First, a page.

After warming up, you can get those fingers finally moving around your fretboard. The name suggests that it is similar to the famous Twister game, but rather than moving your hands and feet to various spots on a mat on the floor, you will be moving your fingers towards the six strings on your guitar.

The difference, though, is that you cannot simply just twist your fingers in a knot. This exercise assigns one finger per fret. Look for a spot where you can lay your fingers comfortably. You can start with frets 5 to 8 or 9 to 12, and later, you can try frets 1 to 4.

To practice, you can ask a friend to call out a random string and a random finger. You can also take advantage of some apps created by other guitarists, such as the Custom Flash Card, that will do the job for you.

4. Minor Arpeggios

Minor arpeggios refer to the notes for minor chords that are played one at a time. A number of ways are available to play minor arpeggios on the guitar neck. You can start with some of the most basic forms, before getting your way up. With this in mind, you can also want to check minor arpeggios for guitar primers before starting to dig into the more challenging ones.

Every minor arpeggio form will have two versions. One will have a suggested left-hand fingering, while the other will indicate the note “functions”. The numbering system for the guitar functions is based on how the notes actually compare to the major scale coming from the same root.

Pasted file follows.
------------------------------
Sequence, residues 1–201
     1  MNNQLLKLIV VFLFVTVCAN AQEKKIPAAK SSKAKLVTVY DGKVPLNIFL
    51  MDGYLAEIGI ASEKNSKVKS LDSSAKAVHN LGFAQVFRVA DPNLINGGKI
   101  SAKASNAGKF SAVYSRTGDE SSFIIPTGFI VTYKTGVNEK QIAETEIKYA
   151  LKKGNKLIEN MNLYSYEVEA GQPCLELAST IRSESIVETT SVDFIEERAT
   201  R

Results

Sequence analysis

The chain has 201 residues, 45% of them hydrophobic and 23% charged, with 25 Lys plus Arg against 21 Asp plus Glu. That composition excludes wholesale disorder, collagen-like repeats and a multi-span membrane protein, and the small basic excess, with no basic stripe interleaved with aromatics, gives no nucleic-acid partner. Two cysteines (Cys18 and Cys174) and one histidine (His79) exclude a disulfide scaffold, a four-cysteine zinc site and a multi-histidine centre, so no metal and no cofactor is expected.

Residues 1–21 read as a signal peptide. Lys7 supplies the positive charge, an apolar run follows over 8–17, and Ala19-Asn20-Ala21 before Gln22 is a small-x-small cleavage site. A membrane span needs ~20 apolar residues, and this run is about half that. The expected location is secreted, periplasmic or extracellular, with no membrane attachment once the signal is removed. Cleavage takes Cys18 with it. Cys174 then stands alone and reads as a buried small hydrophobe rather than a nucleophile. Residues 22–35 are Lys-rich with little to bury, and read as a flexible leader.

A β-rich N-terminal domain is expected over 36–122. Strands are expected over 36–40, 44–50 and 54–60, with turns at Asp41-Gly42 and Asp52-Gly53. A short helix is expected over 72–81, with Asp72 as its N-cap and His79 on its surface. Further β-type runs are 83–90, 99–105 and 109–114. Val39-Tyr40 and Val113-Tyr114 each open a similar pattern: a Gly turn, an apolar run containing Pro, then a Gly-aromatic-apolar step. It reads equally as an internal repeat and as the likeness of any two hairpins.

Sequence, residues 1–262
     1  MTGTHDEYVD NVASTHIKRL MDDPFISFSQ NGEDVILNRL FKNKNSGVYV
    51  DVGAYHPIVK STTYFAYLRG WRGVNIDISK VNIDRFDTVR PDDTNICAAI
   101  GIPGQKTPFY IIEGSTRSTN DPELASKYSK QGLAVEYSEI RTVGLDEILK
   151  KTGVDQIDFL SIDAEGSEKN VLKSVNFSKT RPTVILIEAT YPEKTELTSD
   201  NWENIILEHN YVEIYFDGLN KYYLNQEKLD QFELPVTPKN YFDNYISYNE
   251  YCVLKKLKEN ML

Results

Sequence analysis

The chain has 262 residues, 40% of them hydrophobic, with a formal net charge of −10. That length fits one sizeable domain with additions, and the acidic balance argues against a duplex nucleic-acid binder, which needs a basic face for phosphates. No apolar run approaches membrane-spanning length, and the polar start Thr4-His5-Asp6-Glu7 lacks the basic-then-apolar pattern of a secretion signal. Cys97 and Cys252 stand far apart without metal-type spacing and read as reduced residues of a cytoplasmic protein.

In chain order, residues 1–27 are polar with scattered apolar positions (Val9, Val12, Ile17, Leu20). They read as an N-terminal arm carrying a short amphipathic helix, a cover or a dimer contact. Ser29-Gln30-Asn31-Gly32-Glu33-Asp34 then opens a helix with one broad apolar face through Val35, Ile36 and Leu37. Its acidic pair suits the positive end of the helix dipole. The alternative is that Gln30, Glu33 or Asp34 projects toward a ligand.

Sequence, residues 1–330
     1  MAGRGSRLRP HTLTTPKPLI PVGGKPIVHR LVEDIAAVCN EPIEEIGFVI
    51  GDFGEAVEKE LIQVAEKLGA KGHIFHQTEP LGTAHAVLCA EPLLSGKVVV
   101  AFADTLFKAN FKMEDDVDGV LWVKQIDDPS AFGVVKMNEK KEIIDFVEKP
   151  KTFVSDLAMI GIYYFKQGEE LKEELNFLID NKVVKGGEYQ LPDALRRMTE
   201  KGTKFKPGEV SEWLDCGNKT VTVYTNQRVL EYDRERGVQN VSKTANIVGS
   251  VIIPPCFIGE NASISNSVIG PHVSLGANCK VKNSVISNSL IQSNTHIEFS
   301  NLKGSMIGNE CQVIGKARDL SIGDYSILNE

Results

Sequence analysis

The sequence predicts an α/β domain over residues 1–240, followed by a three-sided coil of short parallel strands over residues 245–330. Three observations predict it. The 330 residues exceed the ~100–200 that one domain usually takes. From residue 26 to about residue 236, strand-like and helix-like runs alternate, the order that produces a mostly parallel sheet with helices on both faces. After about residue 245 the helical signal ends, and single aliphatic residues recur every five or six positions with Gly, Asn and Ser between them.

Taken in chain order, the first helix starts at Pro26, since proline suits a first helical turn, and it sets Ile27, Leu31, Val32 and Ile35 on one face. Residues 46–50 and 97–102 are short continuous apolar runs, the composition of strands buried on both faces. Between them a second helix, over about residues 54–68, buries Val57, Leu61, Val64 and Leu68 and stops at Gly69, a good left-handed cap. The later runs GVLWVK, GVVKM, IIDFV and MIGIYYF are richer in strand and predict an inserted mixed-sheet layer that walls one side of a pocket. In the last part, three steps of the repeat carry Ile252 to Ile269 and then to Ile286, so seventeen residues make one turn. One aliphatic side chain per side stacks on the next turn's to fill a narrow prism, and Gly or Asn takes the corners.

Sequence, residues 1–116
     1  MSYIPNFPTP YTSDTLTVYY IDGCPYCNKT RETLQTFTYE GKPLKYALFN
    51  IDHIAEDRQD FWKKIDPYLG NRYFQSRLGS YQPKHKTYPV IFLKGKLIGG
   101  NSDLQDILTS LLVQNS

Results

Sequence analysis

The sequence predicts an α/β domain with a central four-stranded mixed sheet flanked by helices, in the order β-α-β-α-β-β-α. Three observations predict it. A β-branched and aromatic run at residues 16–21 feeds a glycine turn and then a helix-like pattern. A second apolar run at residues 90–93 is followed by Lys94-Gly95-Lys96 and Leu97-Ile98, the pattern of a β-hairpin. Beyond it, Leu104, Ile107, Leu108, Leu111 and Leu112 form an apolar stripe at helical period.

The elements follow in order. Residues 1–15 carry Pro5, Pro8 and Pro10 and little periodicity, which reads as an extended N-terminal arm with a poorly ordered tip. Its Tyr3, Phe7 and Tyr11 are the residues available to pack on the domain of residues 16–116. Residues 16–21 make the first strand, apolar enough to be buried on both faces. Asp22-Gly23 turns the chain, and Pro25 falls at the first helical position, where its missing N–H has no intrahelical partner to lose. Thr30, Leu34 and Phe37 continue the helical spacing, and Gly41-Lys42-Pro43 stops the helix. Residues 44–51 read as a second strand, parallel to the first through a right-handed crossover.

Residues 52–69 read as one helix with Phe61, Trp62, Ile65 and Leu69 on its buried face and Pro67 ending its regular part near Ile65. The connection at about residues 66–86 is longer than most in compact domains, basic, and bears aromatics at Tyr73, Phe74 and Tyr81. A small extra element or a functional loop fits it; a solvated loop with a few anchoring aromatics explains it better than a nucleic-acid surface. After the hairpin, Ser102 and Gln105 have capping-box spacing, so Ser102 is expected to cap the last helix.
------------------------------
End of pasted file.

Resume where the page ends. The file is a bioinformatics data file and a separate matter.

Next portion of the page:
If you are a beginner, you may not completely understand the theory behind the functions, especially if you are still learning the arpeggio forms. Check out the video below to learn more about minor arpeggios.

5. Major Arpeggios

Arpeggios are chords that are played one note at a time. When playing on a major chord, these major arpeggios help in connecting your solo to backing music. Some experts refer to arpeggios as the actual skeleton behind your solo, with movements and embellishments, including the scale phrases as the flesh.

For example, if you were playing with E major, an E major arpeggio will be connected intrinsically to the chord. This will provide you with a strong melodic base for establishing your solo with that chord.

Just like actual major chords, the major arpeggio has three features – the root, which is the note used to name the chord or arpeggio. Another is the major 3rd, which refers to the interval that provides the chord or arp its major sound. The third feature is the perfect 5th, which is a neutral sounding interval that plays a role in every major chord.

6. Practice Hammer-Ons

A very important exercise that every guitarist needs to know is hammer-ons. As you start learning how to play guitar, you will quickly realize that there are different ways to make the notes sound aside from just plucking them. One of them is the hammer on.